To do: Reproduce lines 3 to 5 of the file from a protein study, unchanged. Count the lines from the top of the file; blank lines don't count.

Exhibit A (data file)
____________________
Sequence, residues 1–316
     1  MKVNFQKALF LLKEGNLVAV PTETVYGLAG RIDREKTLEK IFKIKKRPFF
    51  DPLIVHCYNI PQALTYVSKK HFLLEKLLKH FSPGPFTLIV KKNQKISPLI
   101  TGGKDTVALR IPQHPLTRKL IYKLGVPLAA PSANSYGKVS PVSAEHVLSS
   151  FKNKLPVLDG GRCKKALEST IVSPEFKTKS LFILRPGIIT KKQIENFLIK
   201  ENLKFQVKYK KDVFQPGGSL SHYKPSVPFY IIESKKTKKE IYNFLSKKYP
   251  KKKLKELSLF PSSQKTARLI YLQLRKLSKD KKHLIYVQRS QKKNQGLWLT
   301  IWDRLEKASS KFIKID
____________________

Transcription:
    51  DPLIVHCYNI PQALTYVSKK HFLLEKLLKH FSPGPFTLIV KKNQKISPLI
   101  TGGKDTVALR IPQHPLTRKL IYKLGVPLAA PSANSYGKVS PVSAEHVLSS
   151  FKNKLPVLDG GRCKKALEST IVSPEFKTKS LFILRPGIIT KKQIENFLIK